Short-squeezes can be powerful.  We recall when Krispy Kreme Donuts used to be called “unshortable” because it just went up.  That is, until its chronic losses exposed an accounting fraud and was kicked off the public exchanges by the SEC.  More recently, the marijuana operator, Tilray, catapulted to over US$250 per share due to a small float and rabid investors, crushing all short-sellers who dared call-out its valuation.  Today, it sits at $18 and change today.

GameStop shares will suffer a similar fate.  The only question is “when?”

For fun, here is a guide to deciphering Reddit stock slang:


Tying the invisible hand

A new presidential executive is calling for U.S. government procurement spending to buy American.  This protectionist sentiment is not just a spill-over of the Trump era - which issued no more than 10 executive orders itself surrounding the “buy America” theme -  but goes back to the Hoover’s Buy America Act of 1933.  Agencies are required to favour U.S. bidders on products worth over $10,000, defined by companies that make at least half of their products in America but not more than 6% more expensive than foreign made alternatives.

These attempts to skuttle foreign suppliers is nothing new and may not amount to much, argues The Economist. It is rarely easy for government to effectively place its thumb on the scales of commerce and do so effectively without incurring unintended consequences.  Without local established supply chains, projects stand to get delayed waiting for parts, as happened when the Obama administration mandated American water infrastructure get supplied by American components (some of which were not produced in America).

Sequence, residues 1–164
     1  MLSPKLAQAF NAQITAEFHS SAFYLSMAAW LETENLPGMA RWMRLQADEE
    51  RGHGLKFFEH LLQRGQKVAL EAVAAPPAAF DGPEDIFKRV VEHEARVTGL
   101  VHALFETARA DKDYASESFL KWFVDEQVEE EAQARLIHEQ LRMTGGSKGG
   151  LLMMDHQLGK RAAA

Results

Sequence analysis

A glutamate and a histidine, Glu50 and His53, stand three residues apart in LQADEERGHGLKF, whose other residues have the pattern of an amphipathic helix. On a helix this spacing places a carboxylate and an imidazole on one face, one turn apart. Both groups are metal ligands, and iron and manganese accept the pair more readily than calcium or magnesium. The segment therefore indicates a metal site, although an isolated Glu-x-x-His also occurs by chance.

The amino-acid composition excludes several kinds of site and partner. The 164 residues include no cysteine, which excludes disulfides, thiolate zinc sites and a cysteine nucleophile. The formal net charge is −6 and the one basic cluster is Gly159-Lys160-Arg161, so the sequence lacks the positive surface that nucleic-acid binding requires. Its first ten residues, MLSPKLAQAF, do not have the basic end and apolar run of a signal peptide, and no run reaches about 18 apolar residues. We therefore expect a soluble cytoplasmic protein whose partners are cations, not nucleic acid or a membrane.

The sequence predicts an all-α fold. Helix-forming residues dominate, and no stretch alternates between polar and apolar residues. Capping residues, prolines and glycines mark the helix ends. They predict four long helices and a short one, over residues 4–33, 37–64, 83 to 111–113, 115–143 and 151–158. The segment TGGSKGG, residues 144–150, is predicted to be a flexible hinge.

The net effect will not only result in some unintended economic consequences, but also serve as a reminder to Canadians that being forced to vacation in Canada due to boarder closures, isn’t so bad.

To infinity and Beyond

Beyond Meat is expanding beyond meat, announcing plans to work with PepsiCo (the world’s largest drinks seller) to offer plant-based beverages.  The market loved it, sending their stock sharply higher.  We recently mentioned our little-known Legacy name Burcon Nutraceuticals and their partnership with Bunge and Nestle.  Without knowing details of BYND’s plans, we are confident that Burcon’s fully soluble, almost tasteless high-quality protein isolate is better than anything anyone else has tried. It is certainly better than what Beyond has been using in its meatless meat where all sorts of flavour masking and fillers hide the chalky taste of protein isolates out on the market today.